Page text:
Thursday, October 18, 2007

Istanbul Grill

I know AE has already reviewed Istanbul Grill, so this will not be a formal review, but I did just want to assure our readers that even while diplomatic relations between the U.S. and Turkey suffer, fabulous, inexpensive Turkish food is readily available in Houston.

Istanbul Grill is assuredly one of my favorite restaurants in Houston, and Ms. Epicurus loves it as well. The food is fresh, well-prepared, and, as one would expect in Turkish cuisine, literally explodes with spices and flavors. I like Turkish food so much I have spent some time trying out different recipes, and though I am not much of a chef, I can report that it is harder to make than one might surmise. It's not that any individual step is necessarily difficult, but rather that many of the recipes involve a number of steps, which multiplies the opportunities to make mistakes, IMO. I can, however, make a mean cup of Turkish coffee.

The most popular Turkish cookbook is the excellent Sultan's Kitchen, which I heartily recommend.

In any case, aside from fresh, well-prepared food, Istanbul Grill's interior is well-lit, exudes warmth from the wood-brick oven in the corner, and is immaculate. The servers are friendly and quite helpful in figuring out the menu if needed, and the restaurant also keeps a nice selection of Turkish wines on hand (which I can report are eminently quaffable). Even better, the restaurant is BYOB, and charges only a modest corkage fee. The portions are well-sized, and the food is extraordinarily cheap for the quality and the portion size. The restaurant is usually nicely crowded, with Med. Ctr. employees and Rice students commonly dining, and it really feels like a neighborhood bistro.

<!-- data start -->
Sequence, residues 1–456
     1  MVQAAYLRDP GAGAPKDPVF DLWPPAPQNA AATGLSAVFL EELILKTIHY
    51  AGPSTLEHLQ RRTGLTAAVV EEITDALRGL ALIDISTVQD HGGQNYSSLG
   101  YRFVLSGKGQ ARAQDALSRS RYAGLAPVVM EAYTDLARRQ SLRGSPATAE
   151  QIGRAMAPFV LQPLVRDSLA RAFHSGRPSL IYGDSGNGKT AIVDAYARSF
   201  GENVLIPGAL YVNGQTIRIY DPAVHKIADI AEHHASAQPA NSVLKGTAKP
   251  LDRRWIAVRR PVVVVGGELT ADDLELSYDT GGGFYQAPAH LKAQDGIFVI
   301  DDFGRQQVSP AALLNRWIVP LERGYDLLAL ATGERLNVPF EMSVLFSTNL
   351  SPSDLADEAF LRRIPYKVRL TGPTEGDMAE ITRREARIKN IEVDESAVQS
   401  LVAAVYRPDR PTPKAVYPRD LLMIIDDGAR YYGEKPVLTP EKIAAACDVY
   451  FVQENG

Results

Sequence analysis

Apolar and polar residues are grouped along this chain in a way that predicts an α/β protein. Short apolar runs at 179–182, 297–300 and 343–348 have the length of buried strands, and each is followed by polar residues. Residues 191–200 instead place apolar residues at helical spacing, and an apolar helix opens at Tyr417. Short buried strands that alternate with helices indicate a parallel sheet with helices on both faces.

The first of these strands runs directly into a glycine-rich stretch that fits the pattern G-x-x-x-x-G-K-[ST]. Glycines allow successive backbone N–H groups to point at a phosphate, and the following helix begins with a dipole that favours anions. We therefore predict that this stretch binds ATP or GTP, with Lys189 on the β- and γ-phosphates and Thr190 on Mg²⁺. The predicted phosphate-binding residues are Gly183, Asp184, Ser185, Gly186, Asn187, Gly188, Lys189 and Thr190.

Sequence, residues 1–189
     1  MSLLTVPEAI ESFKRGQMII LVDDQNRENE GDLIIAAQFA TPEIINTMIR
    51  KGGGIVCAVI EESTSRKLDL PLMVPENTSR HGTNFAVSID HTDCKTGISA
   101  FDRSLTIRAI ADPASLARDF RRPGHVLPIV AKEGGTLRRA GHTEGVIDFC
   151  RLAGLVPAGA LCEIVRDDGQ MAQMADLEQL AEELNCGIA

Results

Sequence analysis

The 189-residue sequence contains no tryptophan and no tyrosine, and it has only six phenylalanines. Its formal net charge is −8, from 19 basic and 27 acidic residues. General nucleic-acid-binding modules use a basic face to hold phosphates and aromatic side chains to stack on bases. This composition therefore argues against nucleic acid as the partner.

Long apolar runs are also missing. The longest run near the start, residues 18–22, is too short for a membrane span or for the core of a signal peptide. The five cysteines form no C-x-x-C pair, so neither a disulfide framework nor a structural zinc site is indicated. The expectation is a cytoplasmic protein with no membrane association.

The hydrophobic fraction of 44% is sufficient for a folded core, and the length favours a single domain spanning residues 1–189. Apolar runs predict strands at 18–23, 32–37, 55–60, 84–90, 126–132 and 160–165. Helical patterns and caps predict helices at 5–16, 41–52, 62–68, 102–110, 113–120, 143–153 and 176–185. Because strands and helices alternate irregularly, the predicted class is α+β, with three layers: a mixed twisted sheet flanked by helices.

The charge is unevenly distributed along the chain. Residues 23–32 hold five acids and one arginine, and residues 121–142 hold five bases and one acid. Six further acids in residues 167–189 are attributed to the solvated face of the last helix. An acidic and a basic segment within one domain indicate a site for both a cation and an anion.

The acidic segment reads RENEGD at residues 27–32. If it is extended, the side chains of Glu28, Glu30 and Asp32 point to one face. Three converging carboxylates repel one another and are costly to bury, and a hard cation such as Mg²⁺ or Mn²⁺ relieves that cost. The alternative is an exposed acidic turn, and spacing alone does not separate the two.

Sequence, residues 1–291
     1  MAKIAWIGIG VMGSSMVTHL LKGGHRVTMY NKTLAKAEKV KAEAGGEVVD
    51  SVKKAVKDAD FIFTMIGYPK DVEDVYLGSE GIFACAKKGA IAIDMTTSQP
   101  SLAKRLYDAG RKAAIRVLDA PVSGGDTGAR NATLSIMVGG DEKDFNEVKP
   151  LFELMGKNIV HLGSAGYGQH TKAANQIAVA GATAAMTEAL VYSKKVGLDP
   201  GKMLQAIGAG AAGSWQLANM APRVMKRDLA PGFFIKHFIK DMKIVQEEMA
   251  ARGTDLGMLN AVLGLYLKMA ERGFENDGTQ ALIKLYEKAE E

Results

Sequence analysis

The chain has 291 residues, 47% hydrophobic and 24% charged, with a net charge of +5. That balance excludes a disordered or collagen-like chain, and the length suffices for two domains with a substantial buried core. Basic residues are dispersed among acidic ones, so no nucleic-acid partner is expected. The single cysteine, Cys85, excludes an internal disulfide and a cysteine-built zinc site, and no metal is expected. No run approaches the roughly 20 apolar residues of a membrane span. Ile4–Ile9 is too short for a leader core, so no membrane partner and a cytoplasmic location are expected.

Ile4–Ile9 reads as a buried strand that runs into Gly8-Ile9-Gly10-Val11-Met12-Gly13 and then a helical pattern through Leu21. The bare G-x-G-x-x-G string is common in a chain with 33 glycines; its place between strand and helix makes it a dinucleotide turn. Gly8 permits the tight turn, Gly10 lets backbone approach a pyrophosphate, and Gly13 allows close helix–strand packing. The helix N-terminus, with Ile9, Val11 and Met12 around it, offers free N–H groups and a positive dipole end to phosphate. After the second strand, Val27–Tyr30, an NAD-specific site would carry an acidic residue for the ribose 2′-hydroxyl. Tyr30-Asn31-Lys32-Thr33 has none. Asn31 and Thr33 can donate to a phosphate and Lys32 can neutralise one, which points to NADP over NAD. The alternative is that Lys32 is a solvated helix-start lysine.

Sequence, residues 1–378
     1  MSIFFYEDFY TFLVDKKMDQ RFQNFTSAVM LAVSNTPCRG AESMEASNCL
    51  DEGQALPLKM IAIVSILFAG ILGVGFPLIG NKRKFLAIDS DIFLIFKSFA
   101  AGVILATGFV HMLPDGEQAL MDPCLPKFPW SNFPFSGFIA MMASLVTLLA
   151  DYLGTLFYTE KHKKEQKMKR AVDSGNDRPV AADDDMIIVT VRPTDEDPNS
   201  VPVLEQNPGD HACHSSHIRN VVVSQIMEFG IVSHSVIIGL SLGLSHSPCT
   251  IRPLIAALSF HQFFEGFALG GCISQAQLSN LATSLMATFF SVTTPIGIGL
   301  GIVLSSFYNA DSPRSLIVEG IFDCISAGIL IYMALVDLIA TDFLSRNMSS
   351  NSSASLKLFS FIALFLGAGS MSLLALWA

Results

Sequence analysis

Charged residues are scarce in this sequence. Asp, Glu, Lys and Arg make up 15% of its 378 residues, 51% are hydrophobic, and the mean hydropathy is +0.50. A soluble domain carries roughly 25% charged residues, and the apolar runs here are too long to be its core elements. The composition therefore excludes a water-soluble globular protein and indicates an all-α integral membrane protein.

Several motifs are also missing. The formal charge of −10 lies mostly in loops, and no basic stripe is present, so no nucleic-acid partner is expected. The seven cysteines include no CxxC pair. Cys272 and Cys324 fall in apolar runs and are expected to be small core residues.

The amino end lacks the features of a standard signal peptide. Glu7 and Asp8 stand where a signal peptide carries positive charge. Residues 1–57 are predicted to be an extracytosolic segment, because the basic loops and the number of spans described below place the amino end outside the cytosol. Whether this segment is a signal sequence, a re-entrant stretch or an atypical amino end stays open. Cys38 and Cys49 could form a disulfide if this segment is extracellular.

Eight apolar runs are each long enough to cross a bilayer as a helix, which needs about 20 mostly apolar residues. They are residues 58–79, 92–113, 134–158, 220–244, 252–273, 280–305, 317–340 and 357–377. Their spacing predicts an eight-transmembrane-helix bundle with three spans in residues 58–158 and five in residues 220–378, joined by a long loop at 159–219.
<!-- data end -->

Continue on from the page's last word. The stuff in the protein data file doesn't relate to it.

The desserts are also first-rate; I particularly recommend the honeycake or the baked rice pudding, with a cup of Turkish coffee, of course. On weekends, Istanbul Grill serves some specials, and the manti, or Turkish ravioli, must be tasted to be believed. Ground, minced lamb is spiced (common Turkish spices include Turkish red pepper, cumin, dried parsley and dried mint) and used to fill butterfly pasta, which is served with a delicious creamy yogurt sauce. The lamb is incredibly spiced, the pasta is always al dente, and for those of us who tend to dislike the typically overwhelming alfredo and white sauces in American Italian cuisine, the yogurt sauce is a lovely alternative. It manages to impart some creaminess without the viscosity and heaviness of the typical white sauce. The dish is topped with some fresh parsley, some fresh mint, and a little bit of chile oil. It's incredible.

I may be biased, because, to paraphrase Kramer, I would eat Turkish food out of a dumpster, but Istanbul Grill is a local treasure, IMO.


Anonymous said...

I wish I could agree, but I was not so impressed on my last visit. Some of it, I suppose, was disappointment that they would not on request make their Ali Nazik with Adana kebab (which is as proper as chopped lamb), and the ayran was not so flavorful. For American Turk it's not a bad kebapci, bu I'd not go beyond that.

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